Small Wars Journal

Utilization of the DIMEFIL Framework in a Case Study Analysis of Security Cooperation Success

Sun, 11/08/2020 - 5:51pm

Utilization of the DIMEFIL Framework in a Case Study Analysis of Security Cooperation Success

MAJ David Kimsey, USA

MAJ Jin Woo Kim, ROKA

MAJ John McCoy, USAF

LCDR Charles Cuddy, USN




This article conducts a three-country case study analysis with a focus and emphasis on the elements of national power as the analytic framework.  Diplomatic, Information, Military, Economic, Financial, Intelligence, Law Enforcement (DIMEFIL) are the elements of national power.  By showcasing examples across the DIMEFIL in the three countries, we provide examples of how the military effort alone does not lead to success.  Therefore, while important, the military aspect of national power must be leveraged in synch with the other elements of national power requiring fundamental interactions and cooperation through a whole of government approach to security cooperation success.  Through efforts across the DIMEFIL, minor setbacks and challenges in one or more instruments of national power can be overcome if there are a balance and effective spread across the other elements of national power.  By understanding the importance of spreading efforts in a security cooperation partnership across all elements of national power, planners and leaders in Joint and Interagency organizations will best set the conditions for success.  In addition to the elements of national power, leaders and planners that fail to account for and give equal consideration to time as a factor of success are sure to fail at expectation management.



In an era of globalization that defines the current international environment, the lines of economic, political, and social dependence have become increasingly interwoven outside a nation’s borders. In many cases, these boundaries have become increasingly difficult to identify.  It is in this environment that the U.S. government has increased its efforts to recognize and establish relationships with partner nations that will help to solidify our national interests across the world.  While there are many avenues of approach to increasing and improving these relationships across all aspects and functional areas of a nation’s governmental and non-governmental organizations, the paper focuses its aperture and attention on the institution the Defense Department refers to as security cooperation.  Per the Chairman of the Joint Chiefs of Staff, security cooperation is:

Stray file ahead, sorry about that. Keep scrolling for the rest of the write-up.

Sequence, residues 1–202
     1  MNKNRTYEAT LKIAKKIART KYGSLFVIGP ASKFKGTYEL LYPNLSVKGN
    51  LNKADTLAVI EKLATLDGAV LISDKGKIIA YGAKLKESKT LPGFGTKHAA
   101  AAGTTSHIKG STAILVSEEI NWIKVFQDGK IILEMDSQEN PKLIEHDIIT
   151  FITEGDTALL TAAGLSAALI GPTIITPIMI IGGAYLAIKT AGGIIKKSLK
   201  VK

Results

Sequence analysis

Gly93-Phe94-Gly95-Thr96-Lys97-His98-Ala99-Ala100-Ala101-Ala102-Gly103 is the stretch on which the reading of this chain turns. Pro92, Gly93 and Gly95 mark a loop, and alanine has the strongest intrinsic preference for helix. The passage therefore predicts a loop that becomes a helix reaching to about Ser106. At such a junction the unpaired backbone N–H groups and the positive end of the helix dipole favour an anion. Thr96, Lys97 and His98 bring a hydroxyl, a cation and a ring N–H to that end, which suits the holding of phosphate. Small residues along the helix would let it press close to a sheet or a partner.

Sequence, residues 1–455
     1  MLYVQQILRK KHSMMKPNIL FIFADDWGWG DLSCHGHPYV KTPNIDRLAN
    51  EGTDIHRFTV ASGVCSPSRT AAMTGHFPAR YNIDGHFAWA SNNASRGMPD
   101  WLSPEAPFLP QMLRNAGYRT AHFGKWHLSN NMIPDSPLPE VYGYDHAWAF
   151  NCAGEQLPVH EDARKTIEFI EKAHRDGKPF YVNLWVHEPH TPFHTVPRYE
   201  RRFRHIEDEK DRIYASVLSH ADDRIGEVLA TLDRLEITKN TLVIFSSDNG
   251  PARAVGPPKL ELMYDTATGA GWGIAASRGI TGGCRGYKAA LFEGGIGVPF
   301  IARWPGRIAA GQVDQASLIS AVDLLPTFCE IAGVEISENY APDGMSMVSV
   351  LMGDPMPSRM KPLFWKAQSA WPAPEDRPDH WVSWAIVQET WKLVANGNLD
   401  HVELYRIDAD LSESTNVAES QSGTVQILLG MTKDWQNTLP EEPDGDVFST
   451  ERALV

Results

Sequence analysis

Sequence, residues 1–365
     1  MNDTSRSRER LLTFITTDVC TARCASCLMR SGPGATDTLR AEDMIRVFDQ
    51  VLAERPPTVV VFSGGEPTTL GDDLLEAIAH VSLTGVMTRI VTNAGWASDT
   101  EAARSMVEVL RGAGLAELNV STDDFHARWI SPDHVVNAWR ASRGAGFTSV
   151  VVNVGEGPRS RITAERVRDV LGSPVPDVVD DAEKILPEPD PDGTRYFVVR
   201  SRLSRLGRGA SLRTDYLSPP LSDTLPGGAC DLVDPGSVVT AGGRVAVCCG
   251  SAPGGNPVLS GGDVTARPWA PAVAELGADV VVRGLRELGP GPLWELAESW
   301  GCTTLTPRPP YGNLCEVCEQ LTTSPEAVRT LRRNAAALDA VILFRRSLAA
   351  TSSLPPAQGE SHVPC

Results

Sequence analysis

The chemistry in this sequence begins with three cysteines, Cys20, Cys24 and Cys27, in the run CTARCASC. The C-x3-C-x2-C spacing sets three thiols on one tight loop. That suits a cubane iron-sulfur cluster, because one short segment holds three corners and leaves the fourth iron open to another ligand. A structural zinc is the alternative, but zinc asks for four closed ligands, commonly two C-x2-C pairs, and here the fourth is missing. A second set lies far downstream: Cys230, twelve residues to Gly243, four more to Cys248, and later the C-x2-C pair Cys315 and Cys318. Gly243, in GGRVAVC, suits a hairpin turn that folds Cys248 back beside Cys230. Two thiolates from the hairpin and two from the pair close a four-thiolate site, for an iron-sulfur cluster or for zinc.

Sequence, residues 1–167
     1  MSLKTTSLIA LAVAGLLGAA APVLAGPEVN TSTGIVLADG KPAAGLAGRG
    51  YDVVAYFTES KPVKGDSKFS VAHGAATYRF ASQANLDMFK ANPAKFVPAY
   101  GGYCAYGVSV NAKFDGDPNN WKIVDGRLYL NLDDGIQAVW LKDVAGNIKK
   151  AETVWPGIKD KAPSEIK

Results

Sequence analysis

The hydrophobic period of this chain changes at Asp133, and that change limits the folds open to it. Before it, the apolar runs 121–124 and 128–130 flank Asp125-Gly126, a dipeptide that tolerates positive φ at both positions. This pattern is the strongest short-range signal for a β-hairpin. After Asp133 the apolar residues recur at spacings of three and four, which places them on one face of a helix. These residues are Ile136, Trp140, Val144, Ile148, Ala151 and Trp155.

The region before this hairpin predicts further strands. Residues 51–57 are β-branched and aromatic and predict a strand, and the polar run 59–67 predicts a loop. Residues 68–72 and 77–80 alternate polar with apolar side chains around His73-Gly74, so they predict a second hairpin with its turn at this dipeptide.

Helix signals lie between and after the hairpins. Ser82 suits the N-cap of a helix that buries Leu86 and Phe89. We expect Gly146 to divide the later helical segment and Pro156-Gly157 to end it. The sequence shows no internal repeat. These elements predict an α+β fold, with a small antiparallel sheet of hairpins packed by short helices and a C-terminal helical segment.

Security cooperation comprises DoD activities, including DoD interactions with foreign defense and security assistance programs, to encourage and enable international partners to take action in support of U.S. goals; provide the United States with access to territory, information, and resources; and develop and apply capability and capacity consistent with U.S. defense objectives.[1]


Of consideration is if the DoD can conduct successful security cooperation engagements and establish partnerships on its own.  The same way that one nation cannot survive in isolation, neither can one government institution’s policies nor efforts succeed in isolation.  Under this assumption, it is necessary to utilize a case study method of analysis to determine what other whole-of-government avenues security cooperation relies on for success if any. 

An analytical framework that relies upon the instruments of national power: Diplomatic, Information, Military, Economic, Financial, Intelligence, and Law Enforcement (DIMEFIL) is applied to the examples provided to show how engagements with partner nations across all involved government and nongovernment institutions lead to security cooperation success.  Case Studies of Thailand, Columbia, and the Philippines provide examples of successful security cooperation partnerships.  Through case study analysis of partnerships with these countries, the recurring theme of efforts across the DIMEFIL is highlighted in each case as characteristics that lead to security cooperation success.  Country selection criteria included a sampling of recent and longstanding partnerships as well as the criteria that at least two different global regions were represented by the three countries.  This was necessary to show that the DIMEFIL framework is an effective analytic tool that can be applied to any future security cooperation planning regardless of in what region of the world the partnership will exist.  To conduct successful security cooperation, the United States must implement all elements of national power throughout the planning and execution of the partnership. 

To provide a thorough analysis of the security cooperation partnerships, challenges to the success of U.S. security cooperation engagements with each of the countries will be identified.  In every case, it is also assumed that some of these challenges will continue to tear at the very core of the partnerships and require flexible application within the DIMEFIL framework to improve stability and secure our vital U.S. interests in the respective region when these challenges arise.  Violent Extremist Organizations (VEO’s) and national and trans-national criminal organizations seek to expand their recruitment, funding sources, and operations through exploitation in many regions of the world that are dominated by weak or little governance, corruption of government officials, displaced migrant populations, or humanitarian disasters.  Some of these enablers are present in all three of the countries chosen for analysis and their impact on security cooperation will be addressed.


Case Study #1

Security Cooperation with the Philippines